Talking Food and Fashion with Paper's Kim Hastreiter as Her Second-Annual Super(Duper) Market Gets Underway

The legendary editor details the "amazingness" of her vendors, from San Francisco's Humphry Slocombe ice cream to some Jersey guys who sell wood butter. She really knows her stuff.
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The legendary editor details the "amazingness" of her vendors, from San Francisco's Humphry Slocombe ice cream to some Jersey guys who sell wood butter. She really knows her stuff.
Kim Hastreiter. Photo: Getty

Kim Hastreiter. Photo: Getty

Kim Hastreiter, founder and co-editor of New York institution Paper magazine, has always wanted to open her own shop. Until that day comes—and man, we hope it arrives sooner than later—Hastreiter keeps herself content by throwing shopping parties for other people. (You know those epic events Target puts on every time a new designer collaboration launches? Paper's creative team, ExtraExtra, is behind the curtain.)

Last summer, Hastreiter further fueled her retail fire by launching the Super(Duper) Market, a weekend-long extravaganza featuring more than 40 food, fashion and home goods vendors from around the country, each handpicked by the editor. Unsurprisingly, it was quite successful, and today marks the launch of the market's second outing, which runs through Sunday, August 4 at at 268 Mulberry Street in New York City. (Click here for hours.) Yesterday, I spoke with Hastreiter about food, fashion and the kinds of things she would put in her dream boutique.

Fashionista: How did the idea for the Super(Duper) Market come about? Kim Hastreiter: I took a trip, like, three years ago to Northern California, and there is just an amazing food culture there. I was inspired to do a food issue, and last year, I decided I wanted to bring the food issue to life. I found some sponsors [American Express and Target] so that I could choose the vendors and artists. You have to be doing something amazingly good in order to get chosen. You can't buy your way in! We have all these wonderful things: Humphry Slocombe ice cream and Bi-Rite olive oil from San Francisco, Health-Ade—my favorite kombucha in the world—from Los Angeles, and this amazing Askinosie Chocolate from Missouri. It's this really spirited community. My fantasy is to have a store. And since I don't, I do things like this to get it out of my system!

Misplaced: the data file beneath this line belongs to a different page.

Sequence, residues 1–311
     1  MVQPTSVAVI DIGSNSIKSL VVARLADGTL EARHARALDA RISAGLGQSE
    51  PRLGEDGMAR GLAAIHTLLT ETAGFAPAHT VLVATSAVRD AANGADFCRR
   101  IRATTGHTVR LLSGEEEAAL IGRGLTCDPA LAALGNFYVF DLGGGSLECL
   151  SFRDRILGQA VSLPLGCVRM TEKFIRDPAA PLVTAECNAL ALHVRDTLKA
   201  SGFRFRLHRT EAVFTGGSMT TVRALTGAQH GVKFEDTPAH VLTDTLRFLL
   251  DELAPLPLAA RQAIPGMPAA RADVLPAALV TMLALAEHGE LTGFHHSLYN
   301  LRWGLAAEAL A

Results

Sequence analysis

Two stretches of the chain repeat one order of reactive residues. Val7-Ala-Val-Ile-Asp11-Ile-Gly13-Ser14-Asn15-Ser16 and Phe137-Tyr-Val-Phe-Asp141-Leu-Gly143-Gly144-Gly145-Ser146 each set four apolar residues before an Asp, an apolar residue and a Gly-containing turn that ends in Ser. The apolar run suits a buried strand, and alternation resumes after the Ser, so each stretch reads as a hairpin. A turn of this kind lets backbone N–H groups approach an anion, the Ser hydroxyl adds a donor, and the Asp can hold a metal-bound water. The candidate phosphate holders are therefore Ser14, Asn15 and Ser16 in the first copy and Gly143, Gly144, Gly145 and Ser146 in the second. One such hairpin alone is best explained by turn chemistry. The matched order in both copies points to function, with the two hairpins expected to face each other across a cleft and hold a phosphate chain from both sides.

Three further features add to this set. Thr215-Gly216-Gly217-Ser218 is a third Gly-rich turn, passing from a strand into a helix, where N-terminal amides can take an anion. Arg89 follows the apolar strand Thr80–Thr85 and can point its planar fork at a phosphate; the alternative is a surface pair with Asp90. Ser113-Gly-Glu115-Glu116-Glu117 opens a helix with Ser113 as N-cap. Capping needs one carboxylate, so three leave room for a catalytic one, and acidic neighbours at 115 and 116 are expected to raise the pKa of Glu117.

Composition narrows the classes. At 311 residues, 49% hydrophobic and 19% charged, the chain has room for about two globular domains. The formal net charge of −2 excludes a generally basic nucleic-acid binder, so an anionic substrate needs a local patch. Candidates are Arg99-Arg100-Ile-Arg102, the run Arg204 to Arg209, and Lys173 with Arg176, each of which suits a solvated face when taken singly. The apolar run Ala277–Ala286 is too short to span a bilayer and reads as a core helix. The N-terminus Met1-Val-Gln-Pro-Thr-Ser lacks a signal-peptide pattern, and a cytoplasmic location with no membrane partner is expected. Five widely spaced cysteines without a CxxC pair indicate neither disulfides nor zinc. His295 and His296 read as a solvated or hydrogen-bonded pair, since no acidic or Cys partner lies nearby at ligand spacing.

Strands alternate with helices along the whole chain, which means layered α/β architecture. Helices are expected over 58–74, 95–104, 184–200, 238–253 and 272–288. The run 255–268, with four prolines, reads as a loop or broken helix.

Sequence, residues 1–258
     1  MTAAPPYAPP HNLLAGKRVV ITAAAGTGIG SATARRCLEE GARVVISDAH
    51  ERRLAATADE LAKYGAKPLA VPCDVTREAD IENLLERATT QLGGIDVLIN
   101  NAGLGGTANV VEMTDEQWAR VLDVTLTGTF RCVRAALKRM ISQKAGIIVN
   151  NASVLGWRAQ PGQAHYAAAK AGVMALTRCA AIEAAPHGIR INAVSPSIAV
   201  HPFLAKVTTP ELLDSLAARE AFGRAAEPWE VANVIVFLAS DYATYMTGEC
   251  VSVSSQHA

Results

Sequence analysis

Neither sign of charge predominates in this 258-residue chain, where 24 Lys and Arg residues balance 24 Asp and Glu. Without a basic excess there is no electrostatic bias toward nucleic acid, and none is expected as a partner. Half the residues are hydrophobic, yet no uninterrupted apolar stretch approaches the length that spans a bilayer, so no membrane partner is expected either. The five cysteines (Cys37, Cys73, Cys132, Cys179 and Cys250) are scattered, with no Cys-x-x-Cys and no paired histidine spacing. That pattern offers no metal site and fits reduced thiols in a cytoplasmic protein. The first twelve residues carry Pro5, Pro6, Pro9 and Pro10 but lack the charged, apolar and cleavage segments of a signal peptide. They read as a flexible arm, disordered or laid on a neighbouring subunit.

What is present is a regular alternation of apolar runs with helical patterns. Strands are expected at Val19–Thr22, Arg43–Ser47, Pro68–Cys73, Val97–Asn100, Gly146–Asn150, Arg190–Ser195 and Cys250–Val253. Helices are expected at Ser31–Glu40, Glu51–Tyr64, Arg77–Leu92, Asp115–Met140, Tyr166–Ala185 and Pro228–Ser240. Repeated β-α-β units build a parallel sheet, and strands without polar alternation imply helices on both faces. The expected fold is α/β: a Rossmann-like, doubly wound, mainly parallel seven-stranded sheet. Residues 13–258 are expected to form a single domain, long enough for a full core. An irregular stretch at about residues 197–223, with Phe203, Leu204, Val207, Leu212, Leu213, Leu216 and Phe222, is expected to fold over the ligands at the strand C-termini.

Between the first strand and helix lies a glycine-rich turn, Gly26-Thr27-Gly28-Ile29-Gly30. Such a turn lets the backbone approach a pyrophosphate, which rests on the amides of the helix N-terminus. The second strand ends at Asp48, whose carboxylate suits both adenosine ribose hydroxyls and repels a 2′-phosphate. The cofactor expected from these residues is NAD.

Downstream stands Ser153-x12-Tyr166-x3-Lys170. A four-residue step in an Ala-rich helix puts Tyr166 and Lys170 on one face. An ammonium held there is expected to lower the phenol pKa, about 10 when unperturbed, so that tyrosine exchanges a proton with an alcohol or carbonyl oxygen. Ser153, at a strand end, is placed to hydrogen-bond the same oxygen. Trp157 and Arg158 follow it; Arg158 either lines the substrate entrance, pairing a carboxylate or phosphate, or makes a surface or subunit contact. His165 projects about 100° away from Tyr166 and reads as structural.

Who are some of the vendors that you're most excited about? Well, the Askinosie chocolate, and the kombucha. But also Modern Appealing clothing, which is just the best store in San Francisco. They originally turned me on to Bi-Rite. There's also cutting boards, salad bowls—we're selling wood butter made by these people who live in the mountains of New Jersey. Best Made Company, which is run by Peter Buchanan-Smith, who used to be the creative director of Paper, does camping stuff. There will be enameled dishes and cups—and maple syrup, because he's Canadian. Oh, and I invited AndrewAndrew to do more of an art performance piece. They're selling bar snack mixes. And artist Clare Crespo is selling her crocheted oysters.

Are fashion people more interested in food than they were a decade, or two decades ago? I think it's generational. Fashion people always liked to go Odeon, Le Bernardin, Indochine. But in the older days it was more about gathering. It was more about the place, less focused on the food—even if the food was great. The millenials really care about sustainability. There's more vegetarianism. And they never eat meat that's inhumanely farmed. The younger generation really do care where their food, beauty products, and clothes come from. They want to leave a smaller footprint.

If you could open your own shop—which I hope you do!—what would be in it? My amazing friends. I would want to call it Amazing because it would be filled with amazingness. The best olive oils from Albert Katz. It might also have a sweater by Annie Larson, and Ted Muehling earrings. It would also be about a really high bar of quality and originality and innovation. The best stuff—the best of the best. Not about being the most expensive. My friend [food stylist] Lora Zarubin makes bread. I would sell her bread! I love to curate and find the best stuff, whether it's brand new or a classic.